What's the Affordable Care Act?

This new law makes health insurance...

Obamacare dates to know

Obamacare was passed in 2010. Here are other key dates:

  • March 31, 2014: Open enrollment for 2014 coverage closed (if you did not sign up for insurance by this date and aren't exempt, you may be subject to a penalty fee).
  • November 15, 2014: Open enrollment for 2015 health insurance coverage begins.
  • January 15, 2015: Open enrollment for 2015 coverage closes.

Insurance plans that count

You'll meet the new health insurance requirement if you are covered under a plan that you get through:

  • The new health insurance marketplace or a certified insurance broker
  • An employer, including COBRA and retiree coverage
  • Public health groups like Medicare, Medicaid, Children's Health Insurance Program (CHIP), or military or Veteran's Affairs, including TRICARE
  • A college or university that you're enrolled in
  • Peace Corps volunteer plans

Under Obamacare, these insurance plans must cover at least 10 essential medical services.

How the health insurance marketplace works

This new way to shop for insurance is also called an exchange and it's open to individuals, families and small businesses (). During open enrollment, you can...

You can also see if you qualify for free or low-cost coverage under Medicaid or the Children's Health Insurance Program at any time.

Insurance plans that don't count

The following types of plans do not meet Obamacare requirements for qualified health plans:

  • Worker's compensation plans
  • Insurance for a specific disease or condition, such as cancer insurance
  • Plans that only cover dental or vision care
  • Plans that only offer only discounts on medical services
  • Insurance for long-term care

Who doesn't have to have insurance in 2014

Under Obamacare, you must have insurance or pay a penalty fee unless you are:

  • A member of certain religious sects or ministries, or of a federally recognized Native American tribe
  • Uninsured for less than three consecutive months in a year
  • Not able to get insurance because the lowest premium amount is more than eight percent of your household income or due to hardship
  • In jail, prison, or correctional facility
  • Not a U.S. citizen, U.S. national or alien legally present in the U.S.
  • Uninsured because your insurance plan was recently cancelled and you can't afford a marketplace plan.

You may be exempt if you had a hardship

If you had a circumstance that affected your ability to get health insurance coverage, you may qualify for a “hardship” exemption. Under the law, this includes if you...

  • had medical expenses you couldn't pay in the last 24 months.
  • had unexpected increases in necessary expenses due to caring for an ill, disabled, or aging family member.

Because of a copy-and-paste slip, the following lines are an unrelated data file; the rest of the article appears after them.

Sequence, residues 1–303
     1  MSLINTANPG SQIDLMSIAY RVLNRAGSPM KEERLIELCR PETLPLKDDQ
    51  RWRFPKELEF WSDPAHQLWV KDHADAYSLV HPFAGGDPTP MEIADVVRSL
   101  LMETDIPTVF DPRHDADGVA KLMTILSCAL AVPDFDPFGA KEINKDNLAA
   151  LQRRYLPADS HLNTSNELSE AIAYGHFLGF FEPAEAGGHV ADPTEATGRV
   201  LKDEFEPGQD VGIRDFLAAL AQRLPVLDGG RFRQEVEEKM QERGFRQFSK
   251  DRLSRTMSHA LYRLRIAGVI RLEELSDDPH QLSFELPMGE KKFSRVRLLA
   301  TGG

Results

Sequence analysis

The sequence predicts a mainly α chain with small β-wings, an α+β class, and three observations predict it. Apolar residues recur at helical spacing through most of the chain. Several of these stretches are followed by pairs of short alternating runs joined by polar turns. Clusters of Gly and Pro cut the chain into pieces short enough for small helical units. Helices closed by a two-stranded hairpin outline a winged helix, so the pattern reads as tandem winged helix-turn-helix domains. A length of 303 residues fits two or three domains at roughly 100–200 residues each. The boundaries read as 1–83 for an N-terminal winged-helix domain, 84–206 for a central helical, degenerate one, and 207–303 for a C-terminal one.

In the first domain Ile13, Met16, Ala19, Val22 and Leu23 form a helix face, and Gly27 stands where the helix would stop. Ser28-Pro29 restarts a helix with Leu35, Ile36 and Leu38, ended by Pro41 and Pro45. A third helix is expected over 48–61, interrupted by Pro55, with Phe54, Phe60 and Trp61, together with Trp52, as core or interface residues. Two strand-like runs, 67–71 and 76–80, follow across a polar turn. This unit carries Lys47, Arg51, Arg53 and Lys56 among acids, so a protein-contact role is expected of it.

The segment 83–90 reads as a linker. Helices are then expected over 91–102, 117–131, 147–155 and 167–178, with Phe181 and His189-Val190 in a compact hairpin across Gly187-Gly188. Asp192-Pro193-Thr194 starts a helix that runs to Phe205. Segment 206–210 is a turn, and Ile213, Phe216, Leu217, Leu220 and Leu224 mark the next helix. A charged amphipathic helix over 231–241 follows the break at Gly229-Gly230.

• were evicted in the past 6 months or were facing eviction or foreclosure.
  • filed for bankruptcy in the last 6 months.
  • received a shut-off notice from a utility company.
  • were homeless.
  • recently experienced domestic violence.
  • recently had a close family member pass away.
  • had substantial damage to your property from a fire, flood, or other natural human-caused disaster.
  • had any other hardship getting health insurance.

No penalty if your income is too low

If you don't need to file a 2014 tax return because your income is less than the minimum, you won't have to pay the penalty fee for not having health insurance. The requirement to file a federal tax return depends on your filing status, age and income. To find out if you have to file a federal tax return, use the IRS Interactive Tax Assistant tool.

Also, if the lowest-price plan in your area costs more than eight percent of your household income, you won't owe a penalty fee.

Employers don't have to insure workers in 2014

Under Obamacare, employers are not required to offer health insurance to their employees in 2014 or 2015. Starting in 2016, employers with more than 50 full-time workers will be responsible for offering affordable health insurance to their employees. If they don't, they may face fines. Businesses with fewer than 50 employees won't be required to offer coverage, but certain employers with fewer than 25 full-time workers that do, may be eligible for tax credits.

What happens if you don't have insurance in 2014

In 2014, you must be enrolled in a health insurance plan, one way or another by March 31, 2014, or pay a penalty fee on your 2014 tax return. Some exceptions apply, but won't to most people.

Penalties won't apply to your 2013 return, which you file in 2014. Although the penalties don't apply to 2013 returns, insurance coverage must be purchased by March 31, 2014.

What you'll pay for not having insurance

For tax year 2014, the penalty for not having health insurance is the larger of 1% of your 2014 income or $95 per uninsured adult (plus $47.50 for each uninsured child up to a maximum of $285 for a family of 3 or more). In tax years 2015 and 2016, the penalty increases quite a bit. Also, if you don't have health insurance, you'll be responsible for paying 100% of your medical bills, which can cost far more than the penalties for not having coverage. The amount you owe will be pro-rated to the number of months you didn't have insurance.